Government report card: TARP is a success!
byJul 20th 2009 2:45PM
It is bad enough that most people in the U.S. now know that TARP stands for Troubled Asset Relief Program. Of course, TARP has not really relieved anyone of their troubled assets but it has paid for billions in bonuses and precious few loans. But that has not stopped the U.S. from creating an even longer, new acronym for us to learn -- special inspector-general for the troubled asset relief program (SIGTARP).
SIGTARP is run by a fellow named Neil Barofsky. And SIGTARP has conducted a survey that concludes TARP is a big success! Unfortunately, there is no independent verification of the results of the survey and the research conducted privately contradicts its findings -- but who cares? Actually, I do -- because SIGTARP now says the cost of the financial bailout -- only $700 billion of which is the TARP -- could nearly double from $12.8 trillion to $23.7 trillion, nearly twice U.S. Gross Domestic Product!
But the SIGTARP results make it sound like it believes the TARP money has been well spent. According to SIGTARP, 83 percent of the 360 TARP recipients surveyed used funds from the government for lending; 43 percent used them to boost their capital; 31 percent made other investments; 14 percent repaid debt and four percent made acquisitions.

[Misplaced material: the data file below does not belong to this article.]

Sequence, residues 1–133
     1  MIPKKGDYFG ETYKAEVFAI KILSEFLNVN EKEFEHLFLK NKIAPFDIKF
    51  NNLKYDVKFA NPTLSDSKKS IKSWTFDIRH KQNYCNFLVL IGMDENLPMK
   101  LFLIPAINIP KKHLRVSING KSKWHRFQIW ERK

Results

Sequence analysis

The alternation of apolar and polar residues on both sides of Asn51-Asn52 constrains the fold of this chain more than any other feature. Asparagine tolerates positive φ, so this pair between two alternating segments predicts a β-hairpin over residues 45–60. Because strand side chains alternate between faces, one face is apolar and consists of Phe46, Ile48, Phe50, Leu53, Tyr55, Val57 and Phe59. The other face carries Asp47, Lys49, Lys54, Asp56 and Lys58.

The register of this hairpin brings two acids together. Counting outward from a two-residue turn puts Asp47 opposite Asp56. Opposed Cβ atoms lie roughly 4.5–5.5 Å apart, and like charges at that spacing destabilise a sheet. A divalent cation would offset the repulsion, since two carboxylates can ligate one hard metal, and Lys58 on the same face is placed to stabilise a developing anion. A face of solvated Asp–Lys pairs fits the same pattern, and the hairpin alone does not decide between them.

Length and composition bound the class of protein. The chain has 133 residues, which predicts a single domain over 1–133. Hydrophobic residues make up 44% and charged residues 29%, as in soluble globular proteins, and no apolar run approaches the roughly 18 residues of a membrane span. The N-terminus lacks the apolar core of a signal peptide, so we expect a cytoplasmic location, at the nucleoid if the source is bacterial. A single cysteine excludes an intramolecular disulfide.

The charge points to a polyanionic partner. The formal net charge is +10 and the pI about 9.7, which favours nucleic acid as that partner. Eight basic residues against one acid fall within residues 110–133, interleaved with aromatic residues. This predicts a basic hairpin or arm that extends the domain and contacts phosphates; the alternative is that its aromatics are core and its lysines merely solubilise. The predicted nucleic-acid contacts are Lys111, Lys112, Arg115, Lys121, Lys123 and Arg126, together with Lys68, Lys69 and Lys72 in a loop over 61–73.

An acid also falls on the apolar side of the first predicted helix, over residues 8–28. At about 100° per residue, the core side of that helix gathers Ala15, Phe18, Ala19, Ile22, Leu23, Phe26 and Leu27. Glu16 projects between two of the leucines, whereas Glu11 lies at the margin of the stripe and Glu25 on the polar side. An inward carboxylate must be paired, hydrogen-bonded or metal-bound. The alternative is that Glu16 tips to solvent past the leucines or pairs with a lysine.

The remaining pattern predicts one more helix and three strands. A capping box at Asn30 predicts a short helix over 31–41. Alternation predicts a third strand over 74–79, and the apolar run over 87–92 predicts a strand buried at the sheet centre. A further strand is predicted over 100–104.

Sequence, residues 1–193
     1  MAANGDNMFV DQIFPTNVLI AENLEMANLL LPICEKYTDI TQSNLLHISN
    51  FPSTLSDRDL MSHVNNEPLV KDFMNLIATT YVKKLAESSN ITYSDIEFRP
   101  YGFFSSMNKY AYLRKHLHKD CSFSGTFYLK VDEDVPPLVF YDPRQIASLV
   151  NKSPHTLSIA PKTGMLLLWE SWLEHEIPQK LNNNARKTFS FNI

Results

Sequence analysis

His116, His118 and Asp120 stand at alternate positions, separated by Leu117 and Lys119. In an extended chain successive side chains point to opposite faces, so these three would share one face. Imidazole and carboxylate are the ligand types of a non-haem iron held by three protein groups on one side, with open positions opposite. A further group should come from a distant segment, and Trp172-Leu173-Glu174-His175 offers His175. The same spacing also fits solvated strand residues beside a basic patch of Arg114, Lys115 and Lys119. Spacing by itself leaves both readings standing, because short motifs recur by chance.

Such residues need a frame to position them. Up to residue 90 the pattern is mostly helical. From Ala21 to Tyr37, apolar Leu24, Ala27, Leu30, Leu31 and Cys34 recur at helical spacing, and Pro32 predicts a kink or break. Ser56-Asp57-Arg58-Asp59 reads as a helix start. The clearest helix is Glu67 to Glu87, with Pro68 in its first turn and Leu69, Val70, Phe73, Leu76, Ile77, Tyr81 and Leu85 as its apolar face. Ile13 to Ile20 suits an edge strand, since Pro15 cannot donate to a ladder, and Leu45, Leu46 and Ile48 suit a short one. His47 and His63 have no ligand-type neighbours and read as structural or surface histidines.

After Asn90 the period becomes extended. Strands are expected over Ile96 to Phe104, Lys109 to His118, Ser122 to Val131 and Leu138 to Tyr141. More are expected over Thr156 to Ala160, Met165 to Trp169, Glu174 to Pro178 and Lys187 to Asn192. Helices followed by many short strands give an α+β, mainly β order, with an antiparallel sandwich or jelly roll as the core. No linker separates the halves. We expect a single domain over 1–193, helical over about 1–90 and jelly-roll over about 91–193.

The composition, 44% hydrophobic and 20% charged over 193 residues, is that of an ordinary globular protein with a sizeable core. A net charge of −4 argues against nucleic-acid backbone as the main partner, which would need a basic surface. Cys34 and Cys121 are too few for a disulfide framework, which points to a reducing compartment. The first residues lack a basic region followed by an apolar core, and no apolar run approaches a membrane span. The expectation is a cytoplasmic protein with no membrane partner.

Unfortunately, independent research suggests that between October 2008 and February 2009, lending by 21 top TARP recipient banks fell 23 percent. If SIGTARP is really serious about transparency, it should hire independent auditors to take a look at how much of the TARP money each of those 360 TARP recipients got and track how that money was actually spent.
Then those independent auditors should post the results on the Internet so we can find out what really happened to our money. Somehow I have a bit of trouble taking at face value what SIGTARP has to say about how TARP was actually used.
Peter Cohan is president of Peter S. Cohan & Associates. He also teaches management at Babson College. His eighth book is You Can't Order Change: Lessons from Jim McNerney's Turnaround at Boeing.